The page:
The recent emergency closure of a major national east-west thoroughfare (the I-40 Mississippi River Bridge in Tennessee) due to a critical crack in a bridge beam has drawn attention to the $2.3 trillion infrastructure package proposed by the White House for road renovations nationally. Florida, which was given a C grade for overall infrastructure, has more than 400 bridges and 3,560 miles of highway considered to be in “poor condition.” Although strengthening of infrastructure makes us safer in the long-haul, road construction could well increase Southwest Florida car accident risk in the short-term.
Florida Road Construction Projects
Florida has seen exponential growth in recent years, placing increased burdens on our roadways and traffic infrastructure. The Cape Coral-Fort Myers metro area in Lee County has been among the fastest-growing regions in the country.
Last year, at the direction of Gov. Ron DeSantis, the Florida DOT (FDOT) accelerated $2.1 billion in critical transportation infrastructure projects during the COVID-19 pandemic. These included the Howard Frankland Bridge project in the Tampa Bay area, a widening of S.R. 80 in Palm Beach County, the highway Design Build Project in Miami-Dade and the Sand Lake Road project in a heavily-tourist area of Orlando.
A study released earlier this year revealed I-4 between Tampa and Daytona is the deadliest highway in the U.S. – Currently, FDOT reports that various road construction improvements are underway.
In Fort Myers, FDOT broke ground in January on the $52.7 million Diverging Diamond Interchange Project. It starts at Colonial Boulevard and I-75, widening the highway and adding an auxiliary lane in each direction from Colonial to MLK Boulevard, with emergency stopping sites at each exit. The goal is to ease traffic flow and improve safety, particularly in the event Lee County requires an emergency evacuation (such as during a hurricane). However, the concern in the meantime is that this stretch of I-75 exits could become dangerous during construction.
Why Road Construction Areas are High-Risk for Crashes
As car accident attorneys in Fort Myers, we have long recognized that active road construction zones can substantially up the potential for a crash. The Sunshine State does not have a great track record either, reporting the second-highest number of deadly road construction collisions in the country.
Drivers are expected to exercise reasonable caution at all times behind the wheel. When workers are present in a road construction zone, F.S. 316.003 imposes more stringent speed limits, passing limitations and yield requirements. Yet drivers too often ignore these. FDOT reports the top two causes of road construction accidents in Florida are speed and distracted driving.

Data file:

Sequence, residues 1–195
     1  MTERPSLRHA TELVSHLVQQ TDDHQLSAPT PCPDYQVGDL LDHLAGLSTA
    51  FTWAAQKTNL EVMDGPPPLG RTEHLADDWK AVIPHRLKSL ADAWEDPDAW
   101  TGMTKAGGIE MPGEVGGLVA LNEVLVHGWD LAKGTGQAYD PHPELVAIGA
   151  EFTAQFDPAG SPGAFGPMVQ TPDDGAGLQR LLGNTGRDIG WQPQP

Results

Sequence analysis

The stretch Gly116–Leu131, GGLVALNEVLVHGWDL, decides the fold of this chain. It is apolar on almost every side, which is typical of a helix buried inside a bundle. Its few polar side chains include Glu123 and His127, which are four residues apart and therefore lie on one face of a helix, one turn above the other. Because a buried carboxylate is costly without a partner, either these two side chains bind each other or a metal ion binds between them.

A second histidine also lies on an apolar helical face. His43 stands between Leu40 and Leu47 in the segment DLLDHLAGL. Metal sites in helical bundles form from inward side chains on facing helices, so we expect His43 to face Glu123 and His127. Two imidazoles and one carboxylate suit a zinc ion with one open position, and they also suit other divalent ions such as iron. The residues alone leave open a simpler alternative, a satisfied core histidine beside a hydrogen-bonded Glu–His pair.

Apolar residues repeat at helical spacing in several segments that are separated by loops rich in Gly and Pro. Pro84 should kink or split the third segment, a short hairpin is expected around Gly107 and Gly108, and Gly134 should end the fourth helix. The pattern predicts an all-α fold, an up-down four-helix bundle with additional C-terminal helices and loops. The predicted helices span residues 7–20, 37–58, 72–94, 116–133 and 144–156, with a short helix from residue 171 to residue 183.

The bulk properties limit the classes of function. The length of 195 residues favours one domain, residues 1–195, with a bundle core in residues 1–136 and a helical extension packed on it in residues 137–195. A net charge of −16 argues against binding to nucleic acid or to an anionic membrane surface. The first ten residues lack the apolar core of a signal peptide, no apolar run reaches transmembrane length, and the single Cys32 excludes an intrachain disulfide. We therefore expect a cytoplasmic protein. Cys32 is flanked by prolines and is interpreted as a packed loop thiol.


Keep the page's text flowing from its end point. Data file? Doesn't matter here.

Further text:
Workers in construction zones can also be at risk. The Industrial Safety & Hygiene News reports nearly 800 work zone deaths every year.
Negligent construction workers can also be the cause of collisions in work zones, particularly if they fail to:
- Post adequate warning signs far enough in advance.
- Pay proper attention (and be properly trained) when directing traffic.
- Ensure heavy machinery is operated safely.
- Make sure that all traffic lanes are cleared of all tools, vehicles and debris during after-hours.
Common car accidents in road construction zones include road departures, rear-end collisions and tractor-trailer accidents. There is also a greater risk of a pile-up due to fewer lanes and drivers leaving less assured clear distance from the vehicle ahead of them.
Potential defendants in a road construction accident may include other drivers, construction companies and possibly a government agency. If you are injured in a Florida road construction zone accident, it is imperative to speak with an experienced personal injury attorney who can immediately begin an independent investigation and work to ensure you are compensated fairly.
If you are injured in Fort Myers, Naples or Key West, contact our injury attorneys at Garvin Injury Law at 800.977.7017 for a free initial consultation.
White House assessment gives Florida’s infrastructure a ‘C’ grade, April 12, 2021, By John Haughey, The Center Square
More Blog Entries:
Speeding Driver Liability in Southwest Florida Car Accident Lawsuits, Jan. 21, 2021, Fort Myers Car Accident Lawyer Blog